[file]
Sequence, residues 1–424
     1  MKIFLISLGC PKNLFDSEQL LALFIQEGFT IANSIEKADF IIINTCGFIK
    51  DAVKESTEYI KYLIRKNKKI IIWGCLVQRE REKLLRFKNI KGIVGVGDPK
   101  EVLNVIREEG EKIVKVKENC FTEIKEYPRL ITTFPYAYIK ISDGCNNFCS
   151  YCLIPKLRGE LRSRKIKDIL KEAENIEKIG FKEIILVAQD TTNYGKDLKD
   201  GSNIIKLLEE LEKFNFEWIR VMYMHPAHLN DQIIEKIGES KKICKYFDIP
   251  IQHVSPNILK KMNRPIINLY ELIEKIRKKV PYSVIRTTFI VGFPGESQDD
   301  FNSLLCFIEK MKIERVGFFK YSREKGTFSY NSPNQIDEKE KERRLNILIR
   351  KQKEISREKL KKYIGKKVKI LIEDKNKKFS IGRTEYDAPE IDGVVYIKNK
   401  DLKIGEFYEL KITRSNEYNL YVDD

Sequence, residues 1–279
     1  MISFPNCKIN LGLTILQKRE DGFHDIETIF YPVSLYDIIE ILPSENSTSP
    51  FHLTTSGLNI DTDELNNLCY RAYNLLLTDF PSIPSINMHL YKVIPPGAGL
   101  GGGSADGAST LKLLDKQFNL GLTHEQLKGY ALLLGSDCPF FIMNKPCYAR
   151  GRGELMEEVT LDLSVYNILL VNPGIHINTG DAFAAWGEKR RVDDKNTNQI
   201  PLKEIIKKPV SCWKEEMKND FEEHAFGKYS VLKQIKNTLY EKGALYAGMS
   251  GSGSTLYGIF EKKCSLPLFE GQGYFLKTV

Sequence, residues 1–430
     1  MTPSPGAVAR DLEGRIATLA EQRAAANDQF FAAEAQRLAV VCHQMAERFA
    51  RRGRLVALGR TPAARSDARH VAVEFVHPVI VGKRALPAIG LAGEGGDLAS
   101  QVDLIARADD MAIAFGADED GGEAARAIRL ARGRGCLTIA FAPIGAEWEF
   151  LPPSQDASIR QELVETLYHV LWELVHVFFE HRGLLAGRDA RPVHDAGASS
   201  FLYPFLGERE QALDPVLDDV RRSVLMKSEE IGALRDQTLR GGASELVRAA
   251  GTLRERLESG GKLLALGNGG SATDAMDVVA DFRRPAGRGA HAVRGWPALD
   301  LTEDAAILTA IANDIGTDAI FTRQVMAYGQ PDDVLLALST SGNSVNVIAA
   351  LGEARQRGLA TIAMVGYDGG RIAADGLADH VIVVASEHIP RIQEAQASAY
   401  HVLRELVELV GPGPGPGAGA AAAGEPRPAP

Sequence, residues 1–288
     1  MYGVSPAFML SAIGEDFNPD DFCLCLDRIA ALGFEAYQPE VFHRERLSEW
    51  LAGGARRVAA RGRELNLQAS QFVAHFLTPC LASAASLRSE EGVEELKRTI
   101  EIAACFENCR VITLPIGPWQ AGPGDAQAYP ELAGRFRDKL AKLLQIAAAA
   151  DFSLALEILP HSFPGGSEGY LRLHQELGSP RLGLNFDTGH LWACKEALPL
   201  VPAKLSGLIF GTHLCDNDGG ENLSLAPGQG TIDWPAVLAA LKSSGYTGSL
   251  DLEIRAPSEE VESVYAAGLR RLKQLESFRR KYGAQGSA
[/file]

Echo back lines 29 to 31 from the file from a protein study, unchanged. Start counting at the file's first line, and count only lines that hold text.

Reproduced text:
     1  MYGVSPAFML SAIGEDFNPD DFCLCLDRIA ALGFEAYQPE VFHRERLSEW
    51  LAGGARRVAA RGRELNLQAS QFVAHFLTPC LASAASLRSE EGVEELKRTI
   101  EIAACFENCR VITLPIGPWQ AGPGDAQAYP ELAGRFRDKL AKLLQIAAAA